Starting a website is an intense, exhilarating, daunting and all-in venture. I speak from experience; I’ve done it commercially four times. But Cold Outdoorsman is different. Yes, it lives on the Web. Yes, it involves making a new batch of contacts. Yes, it obviously involves writing. But this time it’s not the most daunting, exhilarating or all-in venture I’m attempting. That distinction goes to a life change I’ve made that’s fueling Cold Outdoorsman: deciding it’s time to get outside more often because my kids deserve to experience the great outdoors in ways I never did.
I’m a week shy of 38. For 37-plus years I’ve been reluctant to spend too much time out in nature. I was born and raised in the Pacific Northwest and still live here, so I’ve been surrounded by natural beauty and outdoor opportunities my entire life. The problem is that I get cold — really cold. Most of the hiking, camping and mountain-based activities that beckoned my friends and colleagues have been literally painful for me to even consider.
Thanks, Raynaud’s Syndrome. Raynaud’s is a circulation disorder that causes sufferers’ hands and feet to get super cold super fast. The last time I tried snowshoeing I lasted 15 minutes before coming inside. It took more than two hours to get my feet back to a normal temperature.
Yet as quickly as I may get cold, I realized recently that my two children are growing up even faster. We’ve played catch outside, done some mid-summer hiking summer and gone camping on occasion. But most of their time with me has been spent indoors. Two of my previous web-based ventures were videogame and gadget-review sites, both of which obviously require time inside. Convenient, no? I spent much of my childhood playing videogames, so I don’t see that as a problem. What does seem to be a problem is my kids being surrounded by all this natural beauty and not being able to experience it with their dad.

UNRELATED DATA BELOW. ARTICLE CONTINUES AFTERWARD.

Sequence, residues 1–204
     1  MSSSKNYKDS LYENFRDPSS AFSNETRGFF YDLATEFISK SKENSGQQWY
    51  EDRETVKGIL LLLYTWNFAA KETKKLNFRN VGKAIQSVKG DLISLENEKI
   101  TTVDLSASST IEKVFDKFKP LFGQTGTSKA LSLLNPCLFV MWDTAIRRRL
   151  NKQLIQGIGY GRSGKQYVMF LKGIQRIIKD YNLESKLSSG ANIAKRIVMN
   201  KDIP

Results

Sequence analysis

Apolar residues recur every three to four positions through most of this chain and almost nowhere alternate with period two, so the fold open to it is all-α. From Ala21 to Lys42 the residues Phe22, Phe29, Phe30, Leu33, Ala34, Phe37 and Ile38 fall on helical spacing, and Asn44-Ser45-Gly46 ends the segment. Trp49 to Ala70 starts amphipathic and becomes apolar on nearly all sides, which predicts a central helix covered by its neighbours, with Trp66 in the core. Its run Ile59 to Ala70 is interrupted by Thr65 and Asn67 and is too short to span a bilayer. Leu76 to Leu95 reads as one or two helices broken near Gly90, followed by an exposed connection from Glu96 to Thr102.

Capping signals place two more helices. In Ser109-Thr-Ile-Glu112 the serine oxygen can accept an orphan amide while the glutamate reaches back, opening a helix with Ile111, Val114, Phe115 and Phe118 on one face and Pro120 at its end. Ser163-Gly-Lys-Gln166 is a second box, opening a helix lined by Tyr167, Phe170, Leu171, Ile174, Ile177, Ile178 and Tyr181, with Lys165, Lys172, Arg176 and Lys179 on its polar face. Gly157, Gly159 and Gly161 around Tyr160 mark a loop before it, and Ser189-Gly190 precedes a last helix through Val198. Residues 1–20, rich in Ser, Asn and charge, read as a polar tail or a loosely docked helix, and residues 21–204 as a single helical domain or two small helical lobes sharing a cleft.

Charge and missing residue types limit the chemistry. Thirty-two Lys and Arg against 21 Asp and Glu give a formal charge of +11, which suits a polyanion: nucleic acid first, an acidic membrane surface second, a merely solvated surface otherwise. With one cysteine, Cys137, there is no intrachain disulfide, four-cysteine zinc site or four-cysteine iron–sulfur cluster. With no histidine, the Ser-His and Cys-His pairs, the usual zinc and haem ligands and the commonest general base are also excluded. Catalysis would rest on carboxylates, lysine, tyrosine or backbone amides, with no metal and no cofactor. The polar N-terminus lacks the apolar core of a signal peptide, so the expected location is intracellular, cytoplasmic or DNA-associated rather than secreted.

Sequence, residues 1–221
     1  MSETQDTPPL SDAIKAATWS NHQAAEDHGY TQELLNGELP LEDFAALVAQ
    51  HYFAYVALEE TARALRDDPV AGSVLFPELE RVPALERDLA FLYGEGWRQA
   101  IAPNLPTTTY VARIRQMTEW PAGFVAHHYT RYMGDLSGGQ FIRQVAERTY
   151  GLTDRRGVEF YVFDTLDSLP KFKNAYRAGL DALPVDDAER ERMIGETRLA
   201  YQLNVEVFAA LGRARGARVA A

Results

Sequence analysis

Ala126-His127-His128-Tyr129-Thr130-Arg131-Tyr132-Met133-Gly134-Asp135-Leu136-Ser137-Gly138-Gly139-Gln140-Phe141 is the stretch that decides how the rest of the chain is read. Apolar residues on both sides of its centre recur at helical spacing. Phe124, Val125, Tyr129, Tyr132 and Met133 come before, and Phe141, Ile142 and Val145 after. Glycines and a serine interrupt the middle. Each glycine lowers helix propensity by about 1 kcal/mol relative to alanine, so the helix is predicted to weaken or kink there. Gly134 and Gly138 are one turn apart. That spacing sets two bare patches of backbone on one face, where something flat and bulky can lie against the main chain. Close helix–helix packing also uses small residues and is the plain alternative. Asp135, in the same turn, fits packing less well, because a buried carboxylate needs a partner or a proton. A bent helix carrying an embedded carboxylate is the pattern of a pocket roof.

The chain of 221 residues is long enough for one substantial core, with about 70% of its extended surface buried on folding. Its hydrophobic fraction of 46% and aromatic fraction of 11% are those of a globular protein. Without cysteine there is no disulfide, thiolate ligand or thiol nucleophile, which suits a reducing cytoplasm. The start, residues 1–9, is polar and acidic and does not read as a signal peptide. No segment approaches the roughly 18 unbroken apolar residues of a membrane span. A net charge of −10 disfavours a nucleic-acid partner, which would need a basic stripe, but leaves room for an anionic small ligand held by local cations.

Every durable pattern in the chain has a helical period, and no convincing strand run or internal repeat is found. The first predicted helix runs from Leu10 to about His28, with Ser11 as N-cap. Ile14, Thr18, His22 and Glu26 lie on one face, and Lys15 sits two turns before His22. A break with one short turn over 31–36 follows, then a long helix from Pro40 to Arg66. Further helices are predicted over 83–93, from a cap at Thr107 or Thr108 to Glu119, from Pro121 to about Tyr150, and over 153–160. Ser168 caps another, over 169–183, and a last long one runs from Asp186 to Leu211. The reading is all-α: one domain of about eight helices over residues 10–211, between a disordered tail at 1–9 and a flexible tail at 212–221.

That’s got to change. And it will. In fact, it’s already begun. ColdOutdoorsman.com will document my impressions and experience with outdoor gear and clothing so others who suffer from Raynaud’s or just hate being cold can get some honest advice and jump into the outdoor fray with me. I know I’m not alone: five to 10 percent of the population suffers from Raynaud’s, and even my father-in-law avoids doing too much outside because “I don’t like being cold.”
This site is for those people. My people. I’m not a hardcore hiker, extreme skier, or a carabiner-equipped mountaineer. I’m about as far away from those guys as you can get, and biologically I’m not likely to ever become one. But maybe I can get close. I get cold easily, yet I love the idea of being outdoors. What gear, clothing and equipment can help me, and others like me, enjoy the outdoors without freezing? What can help this Cold Outdoorsman not only survive, but set an example for my kids that being cold doesn’t need to be a hurdle to enjoying nature? Getting outside in spite of the cold is my new mission; the origin of Cold Outdoorsman is to document where I succeed and fail. I hope you join me for the ride and learn something along the way. Because I already have: this world is just too gorgeous to let the temperature keep me away from it.